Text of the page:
Twist on Tradition

A Main Line spa adds interactive workshops to the menu.

Ilona Csaky, owner of Harmonia Healing Arts Spa in Wayne. (Photo by Luigi Ciuffetelli)Who among us can’t extol the magical abilities of our favorite massage therapist or the healing powers of that in-demand esthetician? Facials, massages, body treatments and nail care have made up the backbone of the spa experience for years—and for good reason. Each treatment is a mini-retreat, a vacation for the body and an indulgence for the soul. When we do discover that special service or employee, we make them as regular on our calendars as work-status meetings—scared to let such a good thing go.

But there’s much to be said for the new. Sure, these good old standbys are dear to us, but what harm is there in opening the door a bit and seeing what else might be out there? As one Main Line spa is showing, adding new and unusual offerings to the menu doesn’t just mix things up—it actually creates a stronger spa experience for clients.

Ilona Csaky, owner of Harmonia Healing Arts Spa in Wayne, is a bit of a pioneer in the practice. For more than a year, she’s been hosting workshops that complement more traditional treatments. From yoga to Qigong, the sessions last a few hours, and they can be included as part of a spa package or serve as a visitor’s only experience.

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“We want our clients to be as healthy as possible,” says Csaky. “These workshops support our other treatments, and the clients learn enough to use the teachings at home, too.”

Inevitably, these classes—which focus more on inner beauty and relaxation—promote overall well-being and help clients become happier, healthier people.

One of Harmonia’s most popular workshops is belly dancing. “It’s an intense workout and it’s fun at the same time,” says Csaky.

By using everything from the shoulders to the hips, focusing on proper posture, and working in fun touches like silk veils, the dancing delivers a core-concentrated workout. The workshops also review the culture and history behind belly dancing, giving visitors a full education. It’s a “great way to feel beautiful, feminine and strong,” says Csaky.

Another well-attended workshop, Qigong speaks to the natural, healing aura with which Csaky has infused Harmonia. An exercise from China that’s similar to tai chi, Qigong includes stretching, meditation and the harvesting of energy. “You’re extremely relaxed when you’re done,” says Csaky. “At the end, the chi (energy) is in your hands and it’s burning; it’s like a heavy heat you can feel, and you leave with all that energy.”

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Qigong can lower stress, improve immunity, flexibility and balance, and help maintain even emotions. It’s been known to alleviate hypertension, fatigue and digestive disorders.

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Since Qigong is a skill that requires learning and time, sessions are offered as one-hour classes or three-hour workshops, allowing attendees to create their own program for growth. It’s approachable to all ages and fitness levels; older visitors can even perform the movements while seated in chairs. For special Qigong workshops, the group heads to nearby parks, adding the wonders of nature to the experience. A recent excursion to the Willows in Wayne found clients peacefully moving among the trees.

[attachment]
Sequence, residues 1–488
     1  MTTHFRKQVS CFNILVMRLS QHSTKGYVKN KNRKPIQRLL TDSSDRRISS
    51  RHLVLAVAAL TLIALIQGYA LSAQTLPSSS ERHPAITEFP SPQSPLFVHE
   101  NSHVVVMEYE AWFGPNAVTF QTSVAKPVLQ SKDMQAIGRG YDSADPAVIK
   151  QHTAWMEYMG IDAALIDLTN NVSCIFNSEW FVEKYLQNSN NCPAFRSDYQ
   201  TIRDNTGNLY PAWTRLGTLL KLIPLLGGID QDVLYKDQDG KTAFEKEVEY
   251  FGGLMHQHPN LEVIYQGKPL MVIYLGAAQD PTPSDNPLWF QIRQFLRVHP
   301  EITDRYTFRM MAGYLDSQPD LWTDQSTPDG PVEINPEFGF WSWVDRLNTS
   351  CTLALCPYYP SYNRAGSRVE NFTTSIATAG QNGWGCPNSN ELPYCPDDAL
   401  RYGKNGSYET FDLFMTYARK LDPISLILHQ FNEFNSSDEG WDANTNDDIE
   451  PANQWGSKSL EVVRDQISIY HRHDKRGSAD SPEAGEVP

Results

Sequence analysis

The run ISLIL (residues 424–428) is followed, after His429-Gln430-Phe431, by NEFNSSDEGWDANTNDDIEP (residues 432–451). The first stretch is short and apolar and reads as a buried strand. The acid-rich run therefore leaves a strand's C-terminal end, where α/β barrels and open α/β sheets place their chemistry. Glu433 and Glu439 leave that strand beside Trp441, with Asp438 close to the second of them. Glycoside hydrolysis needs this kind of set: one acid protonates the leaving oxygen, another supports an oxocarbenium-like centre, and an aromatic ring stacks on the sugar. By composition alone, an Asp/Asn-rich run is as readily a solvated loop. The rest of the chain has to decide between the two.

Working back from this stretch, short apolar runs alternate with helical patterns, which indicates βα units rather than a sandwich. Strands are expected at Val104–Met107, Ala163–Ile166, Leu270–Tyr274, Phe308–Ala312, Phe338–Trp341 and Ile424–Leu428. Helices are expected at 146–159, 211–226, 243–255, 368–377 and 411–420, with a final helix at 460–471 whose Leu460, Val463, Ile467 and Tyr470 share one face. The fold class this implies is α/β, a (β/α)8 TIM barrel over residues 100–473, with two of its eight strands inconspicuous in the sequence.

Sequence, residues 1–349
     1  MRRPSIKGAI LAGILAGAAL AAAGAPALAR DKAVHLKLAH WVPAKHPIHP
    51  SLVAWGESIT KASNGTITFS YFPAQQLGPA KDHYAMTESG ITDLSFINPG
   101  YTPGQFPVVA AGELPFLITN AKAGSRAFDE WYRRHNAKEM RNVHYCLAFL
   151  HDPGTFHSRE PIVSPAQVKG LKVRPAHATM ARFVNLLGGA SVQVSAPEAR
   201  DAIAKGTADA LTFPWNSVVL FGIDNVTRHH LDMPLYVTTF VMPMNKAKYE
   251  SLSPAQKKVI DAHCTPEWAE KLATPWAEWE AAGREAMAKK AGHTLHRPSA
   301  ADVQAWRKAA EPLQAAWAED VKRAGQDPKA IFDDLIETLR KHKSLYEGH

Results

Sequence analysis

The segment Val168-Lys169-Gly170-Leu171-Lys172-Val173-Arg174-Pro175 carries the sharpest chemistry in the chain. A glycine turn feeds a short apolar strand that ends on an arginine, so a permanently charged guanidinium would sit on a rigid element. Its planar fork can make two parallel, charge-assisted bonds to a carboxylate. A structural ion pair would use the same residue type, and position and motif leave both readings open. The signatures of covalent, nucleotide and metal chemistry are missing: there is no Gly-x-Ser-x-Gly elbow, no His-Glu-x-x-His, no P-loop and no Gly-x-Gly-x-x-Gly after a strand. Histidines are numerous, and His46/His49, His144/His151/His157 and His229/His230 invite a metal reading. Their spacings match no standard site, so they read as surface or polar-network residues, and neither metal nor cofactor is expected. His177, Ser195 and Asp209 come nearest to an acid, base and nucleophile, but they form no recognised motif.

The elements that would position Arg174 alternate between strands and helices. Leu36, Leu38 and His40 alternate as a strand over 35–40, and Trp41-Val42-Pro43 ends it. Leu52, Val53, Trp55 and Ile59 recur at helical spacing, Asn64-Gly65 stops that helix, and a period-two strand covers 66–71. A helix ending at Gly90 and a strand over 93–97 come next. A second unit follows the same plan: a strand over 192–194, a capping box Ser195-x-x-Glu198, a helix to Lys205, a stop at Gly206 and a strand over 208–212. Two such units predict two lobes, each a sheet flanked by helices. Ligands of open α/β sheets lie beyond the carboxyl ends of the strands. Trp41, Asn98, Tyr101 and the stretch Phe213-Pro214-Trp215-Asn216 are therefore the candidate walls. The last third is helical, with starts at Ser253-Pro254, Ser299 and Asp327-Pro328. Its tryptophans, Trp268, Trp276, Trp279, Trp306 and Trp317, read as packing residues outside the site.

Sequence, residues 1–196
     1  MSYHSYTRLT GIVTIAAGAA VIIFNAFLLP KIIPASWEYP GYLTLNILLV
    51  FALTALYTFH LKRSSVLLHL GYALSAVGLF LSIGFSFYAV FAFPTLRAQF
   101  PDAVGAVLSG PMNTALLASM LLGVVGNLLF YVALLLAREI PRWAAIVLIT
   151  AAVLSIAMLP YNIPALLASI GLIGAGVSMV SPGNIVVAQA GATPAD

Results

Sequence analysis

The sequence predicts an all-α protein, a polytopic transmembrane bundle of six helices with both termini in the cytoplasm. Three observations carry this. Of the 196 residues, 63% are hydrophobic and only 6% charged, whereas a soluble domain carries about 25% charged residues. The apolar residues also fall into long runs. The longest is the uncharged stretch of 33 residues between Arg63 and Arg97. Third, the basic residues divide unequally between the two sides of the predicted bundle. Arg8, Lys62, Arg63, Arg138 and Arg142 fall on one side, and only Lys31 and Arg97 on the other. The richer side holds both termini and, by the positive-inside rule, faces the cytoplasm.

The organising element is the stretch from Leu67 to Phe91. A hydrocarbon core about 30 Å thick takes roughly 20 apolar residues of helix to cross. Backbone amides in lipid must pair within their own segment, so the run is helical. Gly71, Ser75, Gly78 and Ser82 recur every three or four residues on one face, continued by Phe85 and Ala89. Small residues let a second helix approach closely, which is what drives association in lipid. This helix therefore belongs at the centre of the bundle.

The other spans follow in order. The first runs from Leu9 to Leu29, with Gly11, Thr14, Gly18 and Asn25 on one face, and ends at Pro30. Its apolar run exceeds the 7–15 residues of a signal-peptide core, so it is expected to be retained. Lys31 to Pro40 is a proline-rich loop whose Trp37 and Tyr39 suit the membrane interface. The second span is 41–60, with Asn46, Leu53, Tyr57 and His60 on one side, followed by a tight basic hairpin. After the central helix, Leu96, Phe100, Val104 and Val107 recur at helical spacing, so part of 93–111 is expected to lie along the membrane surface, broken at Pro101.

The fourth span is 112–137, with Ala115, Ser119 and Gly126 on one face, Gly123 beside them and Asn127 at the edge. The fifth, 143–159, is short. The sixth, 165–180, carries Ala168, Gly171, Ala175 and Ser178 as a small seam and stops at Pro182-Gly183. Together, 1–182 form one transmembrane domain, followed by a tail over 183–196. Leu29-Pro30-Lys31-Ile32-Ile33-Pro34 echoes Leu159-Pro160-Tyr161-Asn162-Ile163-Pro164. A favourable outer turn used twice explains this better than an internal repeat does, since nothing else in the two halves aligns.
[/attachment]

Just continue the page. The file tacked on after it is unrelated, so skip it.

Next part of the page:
Csaky also offers yoga and is planning on adding more workshops come spring, thanks to the positive response she’s received so far.

Harmonia provides two forms of acupuncture, which are offered more like a typical treatment, with a private room and one-on-one consultation. Yet another Asian offering—and one of Csaky’s favorites—acupuncture is available alone or with a facial.

Acupuncture surrounds the belief in qi—or life energy—that flows through all bodies. By focusing on the body’s meridians and the illnesses a client may speak of, thin, sterile needles are inserted where blockages may have formed in an attempt to get things moving again. This can maintain or improve health. Acupuncture can be particularly helpful to clients with back or joint pain, bronchitis, and stomach issues.

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The acupuncture facial focuses on the fine lines that come with age, encouraging collagen and elastin production, and increasing blood and lymphoid circulation. “In one treatment, your face actually feels tighter,” says Csaky, who has the treatment done on herself. “If you take before-and-after pictures, you can see the difference. After a few treatments, people will wonder what’s going on with their skin.”

With either acupuncture treatment, the entire body benefits. “The skin is your largest organ,” Csaky says. “So no matter what, the whole body’s function is helped.”

Want More?

Check out these Main Line spas for unique offerings.

3000 BC Spa, Wayne
  This spa takes its services on the road, offering work-site wellness days at area companies. Employees receive chair massages, hand reflexology treatments for those tired typing fingers, and invitations to seminars on yoga, nutrition and meditation.

Changes Salon & Day Spa, Ardmore
  Sometimes there’s more going on inside than aromatherapy or a massage can remedy. So Changes turns to in-house professional counselor Lynn Brandsma, who’s also a board-certified music therapist. She can help you handle image, weight and personal issues with a full mind-and-body treatment.

Joseph Anthony Retreat Spa & Salon, Glen Mills 
Fifteen minutes in a fluffy, white robe before any treatment is a mini-escape in itself, but at Joseph Anthony, the effect is upped within the Brine Light Inhalation Therapy Room. As you lounge, take in a brine waterfall and kaleidoscope of colorful lights across the water—an effortless relaxation treatment.

Our Best of the Main Line Elimination Ballot is open through February 22!